chapter 11 lecture notes
chapter 11 lecture notes PSY 121
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This 7 page Class Notes was uploaded by Leah Notetaker on Tuesday October 20, 2015. The Class Notes belongs to PSY 121 at Missouri State University taught by Manley in Summer 2015. Since its upload, it has received 14 views. For similar materials see Introductory Psychology in Psychlogy at Missouri State University.
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Date Created: 10/20/15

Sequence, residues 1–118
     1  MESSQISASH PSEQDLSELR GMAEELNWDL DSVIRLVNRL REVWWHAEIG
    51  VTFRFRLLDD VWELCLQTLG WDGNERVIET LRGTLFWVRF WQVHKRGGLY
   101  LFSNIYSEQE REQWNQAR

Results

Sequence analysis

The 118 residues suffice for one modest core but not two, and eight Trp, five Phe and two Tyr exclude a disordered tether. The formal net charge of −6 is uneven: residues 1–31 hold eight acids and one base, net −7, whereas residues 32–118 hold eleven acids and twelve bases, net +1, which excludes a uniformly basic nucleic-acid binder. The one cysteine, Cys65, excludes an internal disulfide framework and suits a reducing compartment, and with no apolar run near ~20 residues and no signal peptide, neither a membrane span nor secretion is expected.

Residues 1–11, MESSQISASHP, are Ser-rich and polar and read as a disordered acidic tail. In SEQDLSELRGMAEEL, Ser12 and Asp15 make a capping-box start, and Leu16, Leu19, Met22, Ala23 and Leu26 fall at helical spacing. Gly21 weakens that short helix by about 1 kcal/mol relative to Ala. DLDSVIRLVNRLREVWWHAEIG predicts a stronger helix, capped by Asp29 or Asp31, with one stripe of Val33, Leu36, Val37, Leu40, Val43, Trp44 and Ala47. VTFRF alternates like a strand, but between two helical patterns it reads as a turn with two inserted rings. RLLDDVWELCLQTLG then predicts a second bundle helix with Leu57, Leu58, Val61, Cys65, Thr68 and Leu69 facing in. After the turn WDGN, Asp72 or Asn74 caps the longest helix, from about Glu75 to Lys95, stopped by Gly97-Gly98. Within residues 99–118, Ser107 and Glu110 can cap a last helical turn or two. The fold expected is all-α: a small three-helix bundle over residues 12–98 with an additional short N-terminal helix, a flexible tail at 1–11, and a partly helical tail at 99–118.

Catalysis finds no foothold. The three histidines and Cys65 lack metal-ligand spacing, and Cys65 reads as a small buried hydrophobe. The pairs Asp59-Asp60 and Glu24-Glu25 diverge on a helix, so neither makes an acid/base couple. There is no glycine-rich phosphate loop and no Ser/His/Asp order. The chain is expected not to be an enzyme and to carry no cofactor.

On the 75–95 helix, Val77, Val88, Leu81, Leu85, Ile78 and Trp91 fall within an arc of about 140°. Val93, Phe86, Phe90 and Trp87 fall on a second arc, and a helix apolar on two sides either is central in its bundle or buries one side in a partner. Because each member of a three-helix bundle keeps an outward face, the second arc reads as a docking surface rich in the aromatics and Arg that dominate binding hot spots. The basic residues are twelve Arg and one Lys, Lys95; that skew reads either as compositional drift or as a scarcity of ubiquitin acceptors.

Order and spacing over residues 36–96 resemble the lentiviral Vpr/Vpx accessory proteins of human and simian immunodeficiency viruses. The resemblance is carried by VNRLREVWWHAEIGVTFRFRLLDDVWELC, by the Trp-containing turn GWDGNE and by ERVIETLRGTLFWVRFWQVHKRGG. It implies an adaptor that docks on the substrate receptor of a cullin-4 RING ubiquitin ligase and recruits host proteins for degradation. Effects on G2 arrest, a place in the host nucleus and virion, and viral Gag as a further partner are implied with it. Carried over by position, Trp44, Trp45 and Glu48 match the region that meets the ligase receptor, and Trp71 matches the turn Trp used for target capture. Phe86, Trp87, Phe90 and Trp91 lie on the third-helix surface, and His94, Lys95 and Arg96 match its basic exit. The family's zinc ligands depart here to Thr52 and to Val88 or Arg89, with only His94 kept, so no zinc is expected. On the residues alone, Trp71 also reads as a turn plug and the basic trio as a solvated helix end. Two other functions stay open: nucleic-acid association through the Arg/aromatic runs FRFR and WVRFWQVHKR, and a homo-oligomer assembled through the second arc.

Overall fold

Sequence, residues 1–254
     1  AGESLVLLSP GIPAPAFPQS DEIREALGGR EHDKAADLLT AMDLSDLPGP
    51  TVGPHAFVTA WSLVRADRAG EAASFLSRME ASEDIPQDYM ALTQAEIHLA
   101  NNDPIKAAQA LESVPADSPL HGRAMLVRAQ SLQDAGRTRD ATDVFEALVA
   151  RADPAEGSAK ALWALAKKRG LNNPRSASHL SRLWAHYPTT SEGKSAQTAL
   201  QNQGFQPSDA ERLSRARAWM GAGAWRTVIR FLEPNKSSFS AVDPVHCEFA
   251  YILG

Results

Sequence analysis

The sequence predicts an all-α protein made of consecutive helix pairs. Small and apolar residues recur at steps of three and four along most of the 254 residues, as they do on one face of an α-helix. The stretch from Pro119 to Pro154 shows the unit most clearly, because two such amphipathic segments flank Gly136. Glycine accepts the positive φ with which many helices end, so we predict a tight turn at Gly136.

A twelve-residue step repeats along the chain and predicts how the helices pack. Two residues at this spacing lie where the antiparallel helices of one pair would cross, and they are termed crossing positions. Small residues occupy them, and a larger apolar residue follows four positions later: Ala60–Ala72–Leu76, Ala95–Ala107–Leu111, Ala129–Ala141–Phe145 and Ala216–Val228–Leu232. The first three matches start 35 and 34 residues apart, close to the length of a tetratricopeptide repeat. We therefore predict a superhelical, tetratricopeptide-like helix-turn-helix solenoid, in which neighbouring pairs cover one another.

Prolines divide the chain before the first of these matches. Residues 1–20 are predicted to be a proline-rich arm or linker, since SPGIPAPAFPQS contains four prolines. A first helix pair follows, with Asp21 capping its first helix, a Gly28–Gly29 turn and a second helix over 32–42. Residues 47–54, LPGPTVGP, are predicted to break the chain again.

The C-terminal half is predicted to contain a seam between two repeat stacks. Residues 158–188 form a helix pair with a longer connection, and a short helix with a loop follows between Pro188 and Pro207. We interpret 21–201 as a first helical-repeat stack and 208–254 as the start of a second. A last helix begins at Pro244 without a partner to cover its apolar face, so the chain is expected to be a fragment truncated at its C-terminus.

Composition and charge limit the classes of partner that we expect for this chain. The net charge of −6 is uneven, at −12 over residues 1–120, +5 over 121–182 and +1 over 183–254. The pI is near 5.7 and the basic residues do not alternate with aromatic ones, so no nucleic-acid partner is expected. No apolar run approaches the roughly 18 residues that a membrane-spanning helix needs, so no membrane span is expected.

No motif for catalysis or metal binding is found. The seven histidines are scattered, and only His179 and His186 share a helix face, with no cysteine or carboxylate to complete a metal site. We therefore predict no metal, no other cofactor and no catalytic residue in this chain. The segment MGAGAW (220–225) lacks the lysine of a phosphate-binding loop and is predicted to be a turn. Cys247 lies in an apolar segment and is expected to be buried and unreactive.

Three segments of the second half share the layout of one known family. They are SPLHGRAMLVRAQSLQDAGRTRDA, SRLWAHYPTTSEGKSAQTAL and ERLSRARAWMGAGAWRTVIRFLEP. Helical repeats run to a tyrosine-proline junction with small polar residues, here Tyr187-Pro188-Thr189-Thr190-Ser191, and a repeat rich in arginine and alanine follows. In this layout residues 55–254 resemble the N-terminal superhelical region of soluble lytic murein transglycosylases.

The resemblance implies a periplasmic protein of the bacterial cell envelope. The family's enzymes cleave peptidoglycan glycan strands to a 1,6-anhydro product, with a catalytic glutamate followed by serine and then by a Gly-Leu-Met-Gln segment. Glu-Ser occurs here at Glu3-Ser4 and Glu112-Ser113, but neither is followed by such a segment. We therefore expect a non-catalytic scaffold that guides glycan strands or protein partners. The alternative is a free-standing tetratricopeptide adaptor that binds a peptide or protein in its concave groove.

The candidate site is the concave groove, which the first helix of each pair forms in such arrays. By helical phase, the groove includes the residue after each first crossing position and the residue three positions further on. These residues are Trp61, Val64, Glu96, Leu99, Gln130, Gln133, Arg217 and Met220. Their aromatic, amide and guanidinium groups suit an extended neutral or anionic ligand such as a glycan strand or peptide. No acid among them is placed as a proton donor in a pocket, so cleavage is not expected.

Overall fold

Ch 11 Personality Unique and stable ways people think feel and behave Theories of Personality Personality is different than these aspects but contains them 0 Character value judgements of morality and ethics Temperament enduring characteristics each person is born with o Temperament is based in one s biology either through genetic in uences prenatal in uences or a combination of those in uences and forms the basis upon which one s larger personality is built 0 Every adult personality is a combination of temperaments and personal history of family culture and the time during which they grew up Four main perspectives Psychodynamic perspective 0 had its beginnings in the work of Sigmund Freud and still exists today o It focuses on the role of the unconscious mind in the development of personality 0 this perspective is also heavily focused on biological causes of personality differences Behavioral perspective 0 based on the theories of learning 0 focuses on the effect of environment on behavior humanistic perspective 0 focuses on the role of each person s conscious life experiences and choices in personality development 0 trait perspective 0 focus on the characteristics themselves Freud and Psychoanalysis Sigmund Freud o Founder psychoanalytic movement 0 Cultural background Sexual repression sex for procreation mistresses satis ed men s uncontrollable sexual desires Freud s conception of the personality Ego o Conscious contact with the outside world 0 works on the reality principle Supenego o Preconscious material just beneath the surface of awareness 0 Everything that is not yet part of the conscious mind 0 moral center of personality containing the conscience and is the source of moral anxiety 0 Unconscious difficult to retrieve material well below the surface of awareness 0 Contains feelings memories thoughts and urges that cannot be easily brought into consciousness 0 works on the pleasure principle Psychological Defense Mechanisms Unconscious distortions of a person s perception of reality that reduce stress and anxiety Help you get through the moment but can cause longterm problems Denial refusal to recognize or acknowledge a threatening situation Repression pushing threatening situations out of conscious memory Rationalization making up acceptable excuses for unacceptable behavior Proiection placing one s own unacceptable thoughts onto others as if the thoughts belonged to them and not to oneself Reaction formation forming an emotional reaction or attitude that is opposite of one s threatening or unacceptable actual thoughts Displacement expressing feeling that would be threatening if directed at the real target onto a less threatening substitute target Regression falling back on childish patterns as a way of coping with stressful situations ldentification trying to become like someone else to deal with one s anxiety Compensation substitution trying to make up for areas in which a lack is perceived by becoming superior in other areas Sublimation turning social unacceptable urges into socially acceptable behavior Stages of personality development Fixationunresolved psychosexual stage con ict 0 quotstuckquot in stage development 0 Occurs when con ict is not fully resolved during a stage resulting is adults acting like children Psychosexual stages o 5 stages of personality 0 Tied to sexual development Freud s psychosexual stages 0 Oral stage 0 Id dominates 0 First stage rst year 0 Mouth erogenous zone 0 Weaning is primary con ict 0 Anal stage 0 Ego develops o 13 years 0 Toilet training con ict 0 Expulsive vs retentive personalities Phallic stage 0 36 years 0 Super ego develops 0 Sexual feelings o Oedipus complex Latency stage 0 6puberty 0 Period of sexual repression 0 Sexual feeling repressed samesex play social skills Genital o Puberty 0 Sexual feelings reawaken with appropriate target 0 Sexual feelings consciously expressed Modern Psychoanalytic theory 0 Current research has found support for 0 Defense mechanisms 0 Concept of an unconscious mind that can in uence conscious behavior 0 Some other concepts cannot be scienti cally researched at this time The Behaviorist and Social Cognitive view of Personality Behaviorists de ne personality as a set of learned responses or habits 0 Social cognitive theorists emphasize the importance of others behaviors and one s own expectations 0 The social cognitive view of personality unlike traditional behaviorism includes social and mental processes and their in uence on behavior Bandura s Reciprocal Determinism and Selfef cacy three factors in uence behavior 0 the environment which consists of the physical surroundings and the potential for reinforcement o the person personalcognitive characteristics that have been rewarded in the past 0 the behavior itself which may or may not be reinforced at this particular time and place Reciprocal Determinism Environment characteristics of the person and behavior itself all interact Selfefficacy Perception of one s competence in a certain circumstance The Third Force Humanism and Personality Humanistic view 0 Focuses on traits that make people uniquely human Reaction against negativity of psychoanalysis and behavioral determinism Carl Rodgers and SelfConcept proposed that selfactualization depends on proper development of the selfconcept The selfconcept is based on what people are told by others and how the sense of self is re ected in the words and actions of important people in one s life such as parents siblings coworkers friends and teachers Selfactualizing tendency Striving to ful ll innate capabilities Selfconcept Image of oneself that develops from interactions with signi cant people in one s life According to Rogers the selfconcept includes the real self and the idealseW The real self is a person s actual perception of traits and abilities whereas the ideal self is the perception of what a person would like to be or thinks he or she should be When the ideal self and the real self are very similar matching the person experiences harmony and contentment When there is a mismatch between the two selves the person experiences anxiety and may engage in neurotic behavior Conditional positive regard Positive regard that is given only when the person is doing what the providers of positive regard wish Unconditional positive regard Positive regard that is given without conditions or strings attached 0 Formation of selfconcept and congruity of real amp ideal self Current thoughts on Humanistic View 0 Strengths 0 Positive psychology Focuses on the science of subjective individual and group factors that foster positive experiences Roots in humanistic psychology Weaknesses o Ignores the more negative aspects of human nature 0 Concepts are dif cult to test scienti cally Trait Consistent enduring way of thinking feeling or behaving Trait Theories of Personality o Allport 0 Listed 200 traits and believed traits were part of nervous system Cattell 0 Reduced number of traits to between 16 and 23 with computer method called factor analysis Cattell de ned two types of traits as surface traits and source traits 0 Surface traits can be seen by other people in the outward actions of a person 0 Source traits more basic traits forming core of personality 0 Surface traits are like those found by Allport representing the personality characteristics easily seen by other people 0 Source traits are those more basic traits that underlie the surface traits The Big 5 Openness can best be described as a person s willingness to try new things and be open to new experiences Conscientiousness refers to a person s organization and motivation Extraversion is a term rst used by Carl Jung 1933 who believed that all people could be divided into two personality types extraverts and introverts o Extraverts are outgoing and sociable whereas introverts are more solitary and dislike being the center of attention Agreeableness refers to the basic emotional style of a person Neuroticism refers to emotional instability or stability The biological basis of the big 5 0 Personality neuroscience is a growing area of research 0 Brain structure differences associated with some aspects of the Big Five dimensions of personality have been identi ed using structural MRI Personality Genetics and Culture Twin and adoption studies 0 Studies of twins and adopted children have found support for a genetic in uence on many personality traits including intelligence leadership abilities traditionalism nurturance empathy assertiveness neuroticism and extraversion o By comparing adopted children to their adoptive parents and siblings researchers can uncover some of the shared and nonshared environmental and genetic in uences on personality Cognitive Factors in Stress Lazarus s CognitiveMediational Theory 0 Twostep process is assessing a threat and how to react Primary appraisal o lnvolves estimating the severity of the stressor and classifying it as a threat Secondary appraisal Estimate the resources available for coping with the stressor Stress and Personality 0 Type A o ambitious time conscious hostile and angry workaholics who are at increased risk of coronary heart disease primarily due to their anger and hostility 0 Type B o relaxed and easygoing and have onethird the risk of coronary heart disease of individuals with Type A personalities if male and onefourth the risk if female and working outside the home 0 Type C o pleasant but repressed internalizing their negative emotions Hardy Personality o Thrives on stress but lacks the angerhostility of Type A Assessment of Personality Who uses which method 0 Interview used by psychoanalysts and humanistic therapists 0 professional asks questions to clients structured or unstructured 0 Halo effect allowing clients positive traits to in uence assessment of client Projective tests used by psychoanalysts O O 0 Projection projecting ones unacceptable thoughts or impulses onto others Proiection tests ambiguous visual stimuli presented to client who responds with whatever comes to mind Rorschach inkblot test 10 inkblots as ambiguous stimuli Thematic apperception test TAT 20 pictures of people in ambiguous situations Subjectivity problems with projective tests Behavioral assessments used by behavioral and social cognitive therapists O 0 Direct observation professional observes client clinical or natural setting Rating scae numeric value assigned to speci c behavior Frequency count frequency of behaviors is counted Problems Observer effectsbias Lack of control 0 Personality lnventories sued by trait theorists O O Questionnaire with standard list of questions Response format yes no can t decide etc Include validity scales to prevent cheating but such measures are not perfect NEOPl based on the 5factor model MyersBriggs Type Indicator based on jung s theory of personality types MMPl2 designed to detect abnormal behavior